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Thursday, May 31, 2007

Posthumous Fame

Thanks to Vincent van Gogh, there is an image trapped in the collective unconscious of great artists who toil in obscurity only to be discovered moments after dying. The greatness of the artist's vision is verified by the lack of attention given to their work while they were breathing, and we all get to congratulate ourselves for being far more perceptive than our forebears.

It is a beautiful and solemn image, and one capable of inspiring both awe and pity. It is also an image that I would like to avoid.

In my high school yearbook, beneath my picture and name and in place of the accomplishments I neither sought nor accrued was a quote from Woody Allen. It read, "I don't want to achieve immortality from my work. I want to achieve it by not dying." As time has passed, I would also like to add this addendum: "I don't want to be a success after it is of any use to me. I want it now. Now, now, now, now, now."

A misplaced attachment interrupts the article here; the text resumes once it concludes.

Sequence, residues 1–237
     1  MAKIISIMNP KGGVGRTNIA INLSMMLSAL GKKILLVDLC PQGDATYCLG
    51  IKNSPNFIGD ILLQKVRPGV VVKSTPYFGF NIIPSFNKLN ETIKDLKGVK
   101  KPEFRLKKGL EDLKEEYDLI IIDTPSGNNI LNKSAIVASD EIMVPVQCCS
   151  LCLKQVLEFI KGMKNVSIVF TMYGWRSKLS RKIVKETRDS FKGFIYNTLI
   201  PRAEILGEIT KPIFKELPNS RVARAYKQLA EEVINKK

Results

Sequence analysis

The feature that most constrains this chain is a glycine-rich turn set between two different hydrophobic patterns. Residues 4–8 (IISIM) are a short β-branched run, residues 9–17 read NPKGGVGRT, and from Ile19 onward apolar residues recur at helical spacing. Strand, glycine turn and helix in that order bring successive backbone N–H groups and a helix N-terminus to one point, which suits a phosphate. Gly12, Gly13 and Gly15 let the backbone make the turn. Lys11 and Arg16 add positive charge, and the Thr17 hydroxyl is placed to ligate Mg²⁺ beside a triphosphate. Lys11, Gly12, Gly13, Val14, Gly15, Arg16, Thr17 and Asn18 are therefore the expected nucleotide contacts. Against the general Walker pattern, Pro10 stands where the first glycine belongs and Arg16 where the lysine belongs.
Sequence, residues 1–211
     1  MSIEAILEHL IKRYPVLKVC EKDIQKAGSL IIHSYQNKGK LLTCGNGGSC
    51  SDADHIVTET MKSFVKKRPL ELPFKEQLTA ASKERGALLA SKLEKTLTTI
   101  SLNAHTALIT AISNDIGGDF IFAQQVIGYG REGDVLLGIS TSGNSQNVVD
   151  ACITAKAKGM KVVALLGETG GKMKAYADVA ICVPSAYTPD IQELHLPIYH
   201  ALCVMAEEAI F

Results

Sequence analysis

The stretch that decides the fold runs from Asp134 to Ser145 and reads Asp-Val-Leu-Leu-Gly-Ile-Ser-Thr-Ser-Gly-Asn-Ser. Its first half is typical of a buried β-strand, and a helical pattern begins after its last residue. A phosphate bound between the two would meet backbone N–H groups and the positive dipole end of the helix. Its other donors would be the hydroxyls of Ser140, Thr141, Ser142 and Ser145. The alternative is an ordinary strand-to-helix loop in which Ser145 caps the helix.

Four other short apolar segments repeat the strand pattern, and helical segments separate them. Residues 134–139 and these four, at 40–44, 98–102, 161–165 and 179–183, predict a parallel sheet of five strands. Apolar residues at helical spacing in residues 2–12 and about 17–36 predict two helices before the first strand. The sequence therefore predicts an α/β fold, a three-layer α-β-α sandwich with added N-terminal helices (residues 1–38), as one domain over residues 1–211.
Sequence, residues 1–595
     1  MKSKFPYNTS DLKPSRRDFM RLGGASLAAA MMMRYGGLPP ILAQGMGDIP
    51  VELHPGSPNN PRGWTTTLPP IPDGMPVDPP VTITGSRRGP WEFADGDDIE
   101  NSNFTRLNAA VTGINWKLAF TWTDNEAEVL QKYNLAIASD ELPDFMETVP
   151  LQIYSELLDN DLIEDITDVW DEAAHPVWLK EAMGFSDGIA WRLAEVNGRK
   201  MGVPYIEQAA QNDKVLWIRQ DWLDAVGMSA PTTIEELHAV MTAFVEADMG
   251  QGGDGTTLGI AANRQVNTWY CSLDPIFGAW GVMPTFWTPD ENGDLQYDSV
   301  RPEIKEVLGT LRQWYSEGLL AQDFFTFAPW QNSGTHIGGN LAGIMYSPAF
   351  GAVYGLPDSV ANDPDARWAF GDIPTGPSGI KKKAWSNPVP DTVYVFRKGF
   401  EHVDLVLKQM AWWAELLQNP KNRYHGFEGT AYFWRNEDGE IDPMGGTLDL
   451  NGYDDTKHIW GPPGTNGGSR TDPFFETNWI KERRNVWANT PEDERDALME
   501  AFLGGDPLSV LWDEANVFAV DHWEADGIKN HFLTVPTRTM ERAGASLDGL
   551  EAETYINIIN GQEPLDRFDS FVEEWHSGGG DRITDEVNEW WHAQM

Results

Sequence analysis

I have no idea what posterity will make of my works. That's something that only time will tell, and I will be dead and, presumably, indifferent. I want the kudos to start now. I want the praise, I want the money, I want the fame. I want people to get that slight bugginess to their eyes when they see me. I'll gladly sign your book or other artifact. I will attend the events and accept the awards. I will gladly be magnanimous and self-effacing as people I don't know inflate my ego with unearned praise. I will make the fewest demands I can and shake every hand. I will be grateful for it, since it has happened so late.

As long as I am still breathing, I will be grateful.